Bruno is an innocent child who does not understand the complicated world around him. Boyne hammers this point home by showing that Bruno doesn't even understand some of the words used by the adults to describe the Nazi lifestyle. In using these words, Boyne is clearly stating Bruno's misunderstanding while also creating a social commentary on what these ideas actually represent.
Bruno refers to Auschwitz as "Out-With." Neither Bruno nor Gretel can pronounce the word, and when Bruno asks Gretel why it has that name, she says, "Out with the people who lived here before us, I expect." It's a very on-the-nose moment where the reader can see that Auschwitz, a Nazi concentration camp, is a place where people are taken to get them out of the way of the other citizens of Germany.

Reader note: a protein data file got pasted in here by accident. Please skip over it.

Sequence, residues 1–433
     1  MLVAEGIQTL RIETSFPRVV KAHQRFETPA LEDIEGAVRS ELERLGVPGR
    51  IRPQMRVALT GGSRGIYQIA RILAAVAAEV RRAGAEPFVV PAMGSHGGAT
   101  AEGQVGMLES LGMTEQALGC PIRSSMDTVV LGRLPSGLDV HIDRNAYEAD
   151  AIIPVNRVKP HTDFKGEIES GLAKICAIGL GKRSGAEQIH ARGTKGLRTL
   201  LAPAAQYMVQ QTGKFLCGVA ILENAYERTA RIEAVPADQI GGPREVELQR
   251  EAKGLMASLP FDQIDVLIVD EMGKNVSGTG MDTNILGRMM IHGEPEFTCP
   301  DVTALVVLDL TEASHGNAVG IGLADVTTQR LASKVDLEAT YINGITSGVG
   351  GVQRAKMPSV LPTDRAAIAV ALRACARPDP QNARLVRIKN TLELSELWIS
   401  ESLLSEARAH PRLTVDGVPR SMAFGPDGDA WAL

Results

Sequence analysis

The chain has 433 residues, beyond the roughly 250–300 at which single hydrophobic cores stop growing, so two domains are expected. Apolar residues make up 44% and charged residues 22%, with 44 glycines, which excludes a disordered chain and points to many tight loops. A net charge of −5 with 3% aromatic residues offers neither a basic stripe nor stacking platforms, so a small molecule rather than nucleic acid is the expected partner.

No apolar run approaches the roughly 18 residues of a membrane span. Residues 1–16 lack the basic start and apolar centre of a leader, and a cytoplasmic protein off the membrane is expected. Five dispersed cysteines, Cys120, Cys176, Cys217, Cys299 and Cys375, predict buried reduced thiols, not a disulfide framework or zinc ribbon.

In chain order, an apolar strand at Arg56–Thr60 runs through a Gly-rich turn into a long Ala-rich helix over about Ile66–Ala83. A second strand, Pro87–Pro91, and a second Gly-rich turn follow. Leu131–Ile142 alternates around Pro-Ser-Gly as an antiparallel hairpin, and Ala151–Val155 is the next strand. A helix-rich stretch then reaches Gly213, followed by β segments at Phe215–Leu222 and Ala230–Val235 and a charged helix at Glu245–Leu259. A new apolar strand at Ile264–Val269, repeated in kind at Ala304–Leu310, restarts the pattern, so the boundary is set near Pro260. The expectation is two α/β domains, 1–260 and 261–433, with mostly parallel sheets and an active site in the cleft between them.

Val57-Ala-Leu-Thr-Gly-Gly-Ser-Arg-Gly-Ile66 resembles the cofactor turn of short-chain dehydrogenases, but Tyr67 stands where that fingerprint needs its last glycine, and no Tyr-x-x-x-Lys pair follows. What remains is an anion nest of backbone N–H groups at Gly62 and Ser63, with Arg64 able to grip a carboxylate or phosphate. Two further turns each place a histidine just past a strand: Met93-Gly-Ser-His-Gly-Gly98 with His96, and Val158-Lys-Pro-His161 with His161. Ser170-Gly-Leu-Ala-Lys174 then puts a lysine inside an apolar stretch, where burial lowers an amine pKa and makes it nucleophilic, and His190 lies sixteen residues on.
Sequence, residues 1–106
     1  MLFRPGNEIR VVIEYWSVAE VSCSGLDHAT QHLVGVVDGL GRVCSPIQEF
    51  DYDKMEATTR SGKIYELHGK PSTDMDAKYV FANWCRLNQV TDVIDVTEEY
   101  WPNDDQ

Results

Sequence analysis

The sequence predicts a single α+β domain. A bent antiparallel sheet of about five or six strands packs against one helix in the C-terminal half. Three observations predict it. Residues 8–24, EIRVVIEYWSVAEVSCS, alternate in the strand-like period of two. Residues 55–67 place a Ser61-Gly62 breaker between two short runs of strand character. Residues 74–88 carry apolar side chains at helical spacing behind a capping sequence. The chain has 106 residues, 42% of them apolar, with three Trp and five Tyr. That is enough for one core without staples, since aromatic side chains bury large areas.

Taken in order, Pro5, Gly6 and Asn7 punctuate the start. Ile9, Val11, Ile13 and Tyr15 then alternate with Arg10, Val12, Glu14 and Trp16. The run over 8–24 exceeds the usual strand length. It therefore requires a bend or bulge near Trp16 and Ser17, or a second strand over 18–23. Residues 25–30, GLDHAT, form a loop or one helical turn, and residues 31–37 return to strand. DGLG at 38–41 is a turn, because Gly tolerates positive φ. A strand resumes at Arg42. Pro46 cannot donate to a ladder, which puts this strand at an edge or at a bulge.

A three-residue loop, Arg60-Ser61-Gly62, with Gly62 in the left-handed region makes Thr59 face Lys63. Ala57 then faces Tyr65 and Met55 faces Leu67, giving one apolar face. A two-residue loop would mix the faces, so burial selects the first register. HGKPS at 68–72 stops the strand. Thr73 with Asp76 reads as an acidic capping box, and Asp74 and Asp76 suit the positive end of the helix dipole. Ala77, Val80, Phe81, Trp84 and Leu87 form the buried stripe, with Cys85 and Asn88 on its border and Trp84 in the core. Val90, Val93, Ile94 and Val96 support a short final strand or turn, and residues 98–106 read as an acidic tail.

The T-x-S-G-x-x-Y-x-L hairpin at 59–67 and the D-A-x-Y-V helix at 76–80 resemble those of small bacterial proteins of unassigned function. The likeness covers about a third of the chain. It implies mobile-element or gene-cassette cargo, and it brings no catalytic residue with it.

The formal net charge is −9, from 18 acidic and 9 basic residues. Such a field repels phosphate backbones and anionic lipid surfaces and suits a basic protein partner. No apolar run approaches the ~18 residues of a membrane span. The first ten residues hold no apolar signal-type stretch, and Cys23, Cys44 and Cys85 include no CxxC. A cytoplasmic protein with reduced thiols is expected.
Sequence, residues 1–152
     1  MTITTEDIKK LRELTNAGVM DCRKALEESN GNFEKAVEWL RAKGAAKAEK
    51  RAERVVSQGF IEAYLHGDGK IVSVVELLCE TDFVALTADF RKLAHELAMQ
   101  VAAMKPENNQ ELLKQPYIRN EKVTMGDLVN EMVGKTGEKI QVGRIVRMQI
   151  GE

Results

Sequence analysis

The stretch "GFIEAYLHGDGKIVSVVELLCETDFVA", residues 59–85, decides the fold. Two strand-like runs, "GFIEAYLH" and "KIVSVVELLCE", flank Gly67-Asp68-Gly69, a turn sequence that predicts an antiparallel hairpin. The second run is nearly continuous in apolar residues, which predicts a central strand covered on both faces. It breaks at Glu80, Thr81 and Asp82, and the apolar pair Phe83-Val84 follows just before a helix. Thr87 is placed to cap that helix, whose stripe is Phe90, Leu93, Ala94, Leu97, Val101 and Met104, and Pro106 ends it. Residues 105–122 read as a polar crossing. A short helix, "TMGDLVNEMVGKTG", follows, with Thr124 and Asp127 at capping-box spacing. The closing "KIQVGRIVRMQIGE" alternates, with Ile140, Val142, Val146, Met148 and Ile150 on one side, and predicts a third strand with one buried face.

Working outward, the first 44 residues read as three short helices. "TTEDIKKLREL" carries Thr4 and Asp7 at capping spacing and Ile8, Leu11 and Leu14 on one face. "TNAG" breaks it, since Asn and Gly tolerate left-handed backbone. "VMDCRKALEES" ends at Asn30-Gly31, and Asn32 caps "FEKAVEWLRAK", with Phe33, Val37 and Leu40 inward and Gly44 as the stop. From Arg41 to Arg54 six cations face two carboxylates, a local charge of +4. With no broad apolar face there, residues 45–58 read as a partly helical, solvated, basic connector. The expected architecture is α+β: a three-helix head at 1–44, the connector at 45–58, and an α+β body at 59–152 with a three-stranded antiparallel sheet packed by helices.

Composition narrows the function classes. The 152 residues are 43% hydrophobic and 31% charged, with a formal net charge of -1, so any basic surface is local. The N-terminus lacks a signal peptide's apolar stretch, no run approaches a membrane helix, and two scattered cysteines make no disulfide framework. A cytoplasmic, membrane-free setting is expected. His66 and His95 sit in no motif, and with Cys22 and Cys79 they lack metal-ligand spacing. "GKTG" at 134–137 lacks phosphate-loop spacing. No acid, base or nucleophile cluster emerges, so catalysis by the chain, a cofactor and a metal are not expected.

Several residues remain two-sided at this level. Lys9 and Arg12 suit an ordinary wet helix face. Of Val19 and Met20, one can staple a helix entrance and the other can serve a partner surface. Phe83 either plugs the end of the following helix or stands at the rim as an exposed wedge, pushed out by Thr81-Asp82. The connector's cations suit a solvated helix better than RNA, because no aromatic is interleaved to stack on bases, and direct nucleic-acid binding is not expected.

"Fury" is the title that Bruno assigns to Adolf Hitler (known as the Führer). Like "Out-With," "Fury" is a direct explanation of how to feel about Hitler and evokes the fury of an angry dictator whose sole goal was to exude power and create a following that would literally kill for him.